A Conglomeration of Germs
I don’t know if you’ve ever contemplated our hummingbirds. They’re living in a very unnatural situation here. Hundreds of them have a couple of feeders they share. That’s not how they usually live in nature. Out in nature, each hummingbird has its own territory, which is quite large because it needs lots of flowers to survive. Yet here they’re living in close quarters, and for the most part they get along. But then little squabbles break out here and there, and sometimes everything collapses. One hummingbird decides it’s going to take over a particular feeder and chases everybody else away. Or they get angry at one another for some reason, and things begin to break down. This morning the nectar ran out in almost all the feeders, and they began to get unglued.
You can compare all this to the body. Think of the body as being composed of lots of little one-celled organisms that have learned to get along, but every now and then, things begin to fall apart. Fights break out. Some of them may turn on a particular part of the organism with an autoimmune disease. Sometimes a few of them decide to keep growing and growing and growing, and the others can’t stop them. That’s how the body develops cancer.
So it’s pretty amazing that the body works, because each little cell in there is programmed to behave sometimes in a social way and sometimes in an antisocial way. It’s good to think about the body like this so that we don’t get heedless.
That’s a lot of what the body contemplation is for: to counteract our heedlessness. To begin with, we have to remind ourselves that the body’s not all that attractive when you really look inside. When we think about what we eat, we usually think about food as what goes into the mouth, but what the organism is actually feeding off is the stuff down in the stomach and intestines, which is in a different condition entirely. Then there are all the things coming out of the body that we have to clean away, clean away, clean away. This is what we’ve got, and yet we’re so protective of it, because we need it to find happiness in life—at least that’s our attitude. In some ways that’s right; in some ways it’s wrong.
We need the body to practice, but for a lot of us the body has very little to do with practicing the Dhamma, and everything to do with practicing things that are not Dhamma. This is why we have to contemplate it to ask ourselves, “What in here is of any essence?” It’s all going to die someday.
If you’re attached to it, then when you die you’re not going to go anywhere. You’re just going to hang around. When Ajaan Fuang was teaching in Bangkok, he taught at a monastery that had a crematorium and sixteen of what he called “body shops”: the pavilions where they’d set out coffins and hold funerals.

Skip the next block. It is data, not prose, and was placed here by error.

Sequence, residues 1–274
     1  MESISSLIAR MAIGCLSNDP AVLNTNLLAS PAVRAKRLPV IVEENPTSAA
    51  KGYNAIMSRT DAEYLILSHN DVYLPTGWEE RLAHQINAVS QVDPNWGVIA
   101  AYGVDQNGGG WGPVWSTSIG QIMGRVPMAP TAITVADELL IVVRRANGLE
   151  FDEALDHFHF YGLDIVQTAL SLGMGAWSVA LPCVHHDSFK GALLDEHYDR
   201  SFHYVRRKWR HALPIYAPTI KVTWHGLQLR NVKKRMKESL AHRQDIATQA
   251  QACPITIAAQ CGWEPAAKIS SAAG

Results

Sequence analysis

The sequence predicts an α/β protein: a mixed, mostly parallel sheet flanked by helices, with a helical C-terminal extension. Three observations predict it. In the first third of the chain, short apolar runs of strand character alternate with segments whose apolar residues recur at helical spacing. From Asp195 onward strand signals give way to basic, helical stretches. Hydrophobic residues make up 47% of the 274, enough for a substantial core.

Occasionally, say, on a Saturday evening when not too many people came to see him—most of the people on Saturdays would come in the middle of the day—if it was a Saturday evening, he might just walk around the monastery to stretch his legs. One evening he came back from his walk and said, “You know, the number of people who die and don’t leave their bodies is huge.” They’re so attached to them that even when they die, they still can’t go anywhere because this is all they know.
That’s one of the reasons why we practice developing some detachment toward the body: so that when the time comes to leave, we can leave neatly and move on to something better.
And of course, even as we’re alive there are lots of dangers in getting attached to the body in the wrong way. If we think that the value of the body lies in whether it’s attractive or not, that can create a lot of problems. If you are attractive in line with what society has decided is attractive, then you get really possessive of the body. There can be a lot of pride, but of a very unstable kind—because, after all, the body does age.
People who are proud of their appearance have to be constantly reassured that, yes, they’re still good-looking. While they’re still young, they’re constantly afraid of people who want to take advantage of their good appearance, and yet they also need other people to be attracted to them. I remember hearing of a French actor who once said that the easiest women to seduce are the ones who are pretty. The hardest ones are the ones who are not pretty. The ones who are not pretty say, “You’re being ridiculous.” The ones who are pretty are all too eager to go along—which is a weakness of character.
On the other hand, if you’re not attractive in line with society’s ideas, you can get really down on yourself. This is why we have that contemplation of the body to remind ourselves that the things that are unattractive in the body are unattractive in everybody. That’s what you can call a healthy negative body image.